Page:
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What Is the Difference Between a Caregiver and a Companion?

September 29, 2023

Deciding how to best support the well-being of an aging loved one can be difficult for lots of reasons. It’s a transitory phase for everyone involved, and there are many options for providing care. 

Caregivers are a popular choice for families, as they provide medical support and help out with the individual’s activities of daily living (ADLs). However, they can’t do it all. That’s why, in addition, many families are turning to paid companions, professionals who provide emotional support and practical assistance to aging adults and their families. 

In this blog, we’ll dive into the difference between companion care and caregiver support and talk about how both roles can provide important help for your loved one.

What Is a Paid Companion?

A paid companion for elderly individuals is someone hired to provide non-medical support to those in need. This can include aging adults, those experiencing memory or mobility issues, or anyone else needing day-to-day support. 

In home companion care refers to the concept of supplementing the critical work that trained caregiving professionals and family members provide to aging adults with an important piece of elder care that often goes unnoticed: companionship.

How Much Does Companion Care Cost for Seniors?

The average cost of In-Home care will vary, depending on factors like the level and frequency of care needed, geographic location, and whether or not insurance or government assistance programs are being used to help offset the cost. Typically, companion care costs will be in the ballpark of $250 a day, which comes out to a monthly cost of around $5,000.

What Is the Difference Between Companion Care and Caregiver?

Caregivers and companions both provide valuable services to aging adults but in different ways. To put it simply: caregivers focus on seniors’ physical health, whereas companions aim to support their mental and emotional well-being.

Caregivers are trained professionals, often required to have pertinent certifications, coursework, or licensing before landing their positions in elder care. They take on tasks ranging from medication management to light medical duties to generally assisting with ADLs.

Alternatively, companion care involves duties more related to emotional support as well as general assistance. Companions improve the well-being of the patients they work with by providing an important outlet for socialization and support. They help fill some of the gaps left by the crucial medical care provided by caregivers—helping with things like recreation, housekeeping, and mental stimulation.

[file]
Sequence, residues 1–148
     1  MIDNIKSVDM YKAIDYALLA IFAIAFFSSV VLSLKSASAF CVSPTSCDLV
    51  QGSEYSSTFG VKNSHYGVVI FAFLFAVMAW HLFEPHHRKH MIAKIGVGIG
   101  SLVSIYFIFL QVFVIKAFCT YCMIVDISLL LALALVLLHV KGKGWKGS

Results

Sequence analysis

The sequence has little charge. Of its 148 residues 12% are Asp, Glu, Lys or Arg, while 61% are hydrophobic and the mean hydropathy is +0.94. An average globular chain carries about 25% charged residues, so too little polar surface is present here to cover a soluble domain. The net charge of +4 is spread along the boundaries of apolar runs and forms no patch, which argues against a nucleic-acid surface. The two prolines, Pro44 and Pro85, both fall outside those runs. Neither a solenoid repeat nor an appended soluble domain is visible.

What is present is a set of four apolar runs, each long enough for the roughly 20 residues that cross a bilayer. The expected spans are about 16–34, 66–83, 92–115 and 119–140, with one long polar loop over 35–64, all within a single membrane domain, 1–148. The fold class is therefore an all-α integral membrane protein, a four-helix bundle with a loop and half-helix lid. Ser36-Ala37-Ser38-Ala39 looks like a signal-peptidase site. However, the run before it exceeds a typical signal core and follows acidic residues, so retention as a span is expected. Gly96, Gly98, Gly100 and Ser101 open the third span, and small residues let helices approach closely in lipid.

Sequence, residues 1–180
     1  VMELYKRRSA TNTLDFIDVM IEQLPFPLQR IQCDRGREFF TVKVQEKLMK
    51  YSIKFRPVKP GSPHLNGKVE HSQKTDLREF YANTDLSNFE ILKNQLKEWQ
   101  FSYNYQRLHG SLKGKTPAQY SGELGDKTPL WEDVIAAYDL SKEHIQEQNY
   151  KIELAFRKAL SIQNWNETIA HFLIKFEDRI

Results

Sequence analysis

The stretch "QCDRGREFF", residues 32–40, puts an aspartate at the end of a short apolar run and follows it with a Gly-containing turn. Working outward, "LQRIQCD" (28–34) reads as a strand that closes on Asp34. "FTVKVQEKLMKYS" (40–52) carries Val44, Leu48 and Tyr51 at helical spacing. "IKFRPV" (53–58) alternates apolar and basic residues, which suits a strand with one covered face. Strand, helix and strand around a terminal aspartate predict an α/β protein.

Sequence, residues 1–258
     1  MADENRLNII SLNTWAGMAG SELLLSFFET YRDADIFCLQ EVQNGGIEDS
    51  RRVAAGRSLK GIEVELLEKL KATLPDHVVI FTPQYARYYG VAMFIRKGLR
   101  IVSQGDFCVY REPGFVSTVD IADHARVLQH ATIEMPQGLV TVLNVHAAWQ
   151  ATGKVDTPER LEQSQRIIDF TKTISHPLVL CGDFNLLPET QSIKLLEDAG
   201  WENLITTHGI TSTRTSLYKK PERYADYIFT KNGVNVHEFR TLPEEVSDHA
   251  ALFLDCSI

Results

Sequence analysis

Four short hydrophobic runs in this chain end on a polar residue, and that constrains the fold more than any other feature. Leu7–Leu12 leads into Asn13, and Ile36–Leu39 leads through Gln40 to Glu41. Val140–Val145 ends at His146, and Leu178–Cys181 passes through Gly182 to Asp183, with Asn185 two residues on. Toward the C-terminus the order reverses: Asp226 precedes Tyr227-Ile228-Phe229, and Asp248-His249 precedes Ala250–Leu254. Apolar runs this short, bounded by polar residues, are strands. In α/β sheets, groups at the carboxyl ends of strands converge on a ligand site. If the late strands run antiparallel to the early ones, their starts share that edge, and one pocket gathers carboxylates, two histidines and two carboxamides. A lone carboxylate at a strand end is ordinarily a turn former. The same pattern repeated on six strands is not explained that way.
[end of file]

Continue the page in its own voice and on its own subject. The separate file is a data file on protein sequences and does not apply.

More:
What Are the Duties and Responsibilities of a Companion Care?

The duties expected of paid companions can range from household to household based on the needs and preferences of the individual in need of care. There are a few key areas, though, where companion care is typically focused:

  • Companionship. This may sound like a catchall term, but it’s often what aging individuals are most in need of. Socialization, recreation, friendship, mental stimulation, and emotional support are all crucial things that a companion can provide. Learn more about day sitters for the elderly.
  • Non-medical care. There’s so much that goes into caring for the elderly that doesn’t just mean medical care. From dressing and grooming to facilitating movement to establishing helpful routines, there are many ways that companions can support loved ones’ well-being.
  • Day-to-day support. As many family members know, caregiving and caretaking can often become a full-time job. That can make necessary household duties like dishes, meal prepping and preparing, and organizing hard to keep track of. This is another common function fulfilled by in-home companion care for seniors.

What Are the Duties of a Caregiver?

Caregiver duties are distinct from companion duties in a few notable ways. As mentioned, their care is more comprehensive, including medical assistance and personal care such as bathing and feeding. While caregiver and companion duties can sometimes overlap, they typically do not. Here are a few examples of common caregiver duties:

  • Medical care. Caregivers are typically trained on how to take care of elderly individuals and can provide non-intensive, non-surgical medical care. This could include assisting with medical equipment such as oxygen tanks or feeding tubes, for example.
  • Safety and health monitoring. Monitoring an individual’s health and observing and reporting on any changes in their condition is an important duty of caregivers. They’ll also monitor their vital signs, assist them with their medication, and respond to medical emergencies if they arise.
  • Respite and end-of-life care. Caregivers can also provide temporary relief for family caregivers in the form of respite care or help provide emotional support for individuals during harder times, such as for those in hospice or palliative care.

Get the Education You Need Around Companion Care

Senior Home Companions is a best-in-class care service provider designed with your loved ones’ quality of life in mind. If you’re still curious about in-home companion care, reach out to us today.